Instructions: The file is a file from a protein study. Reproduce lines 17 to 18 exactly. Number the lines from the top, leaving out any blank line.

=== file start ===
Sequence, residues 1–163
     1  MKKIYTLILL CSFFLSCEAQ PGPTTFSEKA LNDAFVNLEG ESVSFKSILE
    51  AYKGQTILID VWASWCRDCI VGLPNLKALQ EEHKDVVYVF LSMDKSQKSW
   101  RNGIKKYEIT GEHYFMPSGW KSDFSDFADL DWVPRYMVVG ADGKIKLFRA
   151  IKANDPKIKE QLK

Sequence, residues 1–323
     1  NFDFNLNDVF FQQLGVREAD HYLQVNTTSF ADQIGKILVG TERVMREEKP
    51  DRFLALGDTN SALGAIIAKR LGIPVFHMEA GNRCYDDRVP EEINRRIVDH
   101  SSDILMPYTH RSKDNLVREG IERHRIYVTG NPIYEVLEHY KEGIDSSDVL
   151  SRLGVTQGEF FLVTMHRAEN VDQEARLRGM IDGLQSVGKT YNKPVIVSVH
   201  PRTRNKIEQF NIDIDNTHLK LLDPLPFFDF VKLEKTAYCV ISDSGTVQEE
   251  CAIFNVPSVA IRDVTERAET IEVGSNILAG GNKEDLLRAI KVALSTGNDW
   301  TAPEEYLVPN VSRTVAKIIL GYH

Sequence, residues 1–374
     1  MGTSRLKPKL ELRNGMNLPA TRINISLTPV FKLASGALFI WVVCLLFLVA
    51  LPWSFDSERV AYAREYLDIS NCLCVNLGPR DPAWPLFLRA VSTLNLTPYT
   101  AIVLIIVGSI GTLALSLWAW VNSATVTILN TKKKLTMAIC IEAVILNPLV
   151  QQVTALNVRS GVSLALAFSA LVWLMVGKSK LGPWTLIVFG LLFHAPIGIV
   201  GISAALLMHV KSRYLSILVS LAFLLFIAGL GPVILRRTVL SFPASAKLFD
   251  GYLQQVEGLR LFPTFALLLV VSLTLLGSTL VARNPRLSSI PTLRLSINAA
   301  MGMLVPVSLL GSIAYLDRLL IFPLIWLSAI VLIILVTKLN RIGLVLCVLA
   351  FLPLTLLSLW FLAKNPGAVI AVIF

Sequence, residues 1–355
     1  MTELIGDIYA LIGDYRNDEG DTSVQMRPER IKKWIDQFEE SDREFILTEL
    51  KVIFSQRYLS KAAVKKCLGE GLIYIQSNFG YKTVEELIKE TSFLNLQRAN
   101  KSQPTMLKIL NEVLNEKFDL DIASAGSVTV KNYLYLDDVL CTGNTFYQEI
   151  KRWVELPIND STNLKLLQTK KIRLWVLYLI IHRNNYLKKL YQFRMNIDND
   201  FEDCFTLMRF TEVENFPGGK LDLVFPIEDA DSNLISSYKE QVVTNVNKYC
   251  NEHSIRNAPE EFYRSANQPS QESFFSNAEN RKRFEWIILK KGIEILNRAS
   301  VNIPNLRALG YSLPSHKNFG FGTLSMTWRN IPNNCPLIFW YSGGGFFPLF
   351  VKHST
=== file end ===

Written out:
   101  AIVLIIVGSI GTLALSLWAW VNSATVTILN TKKKLTMAIC IEAVILNPLV
   151  QQVTALNVRS GVSLALAFSA LVWLMVGKSK LGPWTLIVFG LLFHAPIGIV